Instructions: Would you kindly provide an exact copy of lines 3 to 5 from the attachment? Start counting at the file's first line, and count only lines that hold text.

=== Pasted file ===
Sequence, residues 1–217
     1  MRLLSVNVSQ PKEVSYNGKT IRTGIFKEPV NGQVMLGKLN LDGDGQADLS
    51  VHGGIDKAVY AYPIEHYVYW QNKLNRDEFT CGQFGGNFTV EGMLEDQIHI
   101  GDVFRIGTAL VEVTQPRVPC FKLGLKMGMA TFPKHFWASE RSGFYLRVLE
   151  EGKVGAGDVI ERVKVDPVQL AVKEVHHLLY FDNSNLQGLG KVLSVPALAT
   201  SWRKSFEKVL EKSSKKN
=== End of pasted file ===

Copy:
    51  VHGGIDKAVY AYPIEHYVYW QNKLNRDEFT CGQFGGNFTV EGMLEDQIHI
   101  GDVFRIGTAL VEVTQPRVPC FKLGLKMGMA TFPKHFWASE RSGFYLRVLE
   151  EGKVGAGDVI ERVKVDPVQL AVKEVHHLLY FDNSNLQGLG KVLSVPALAT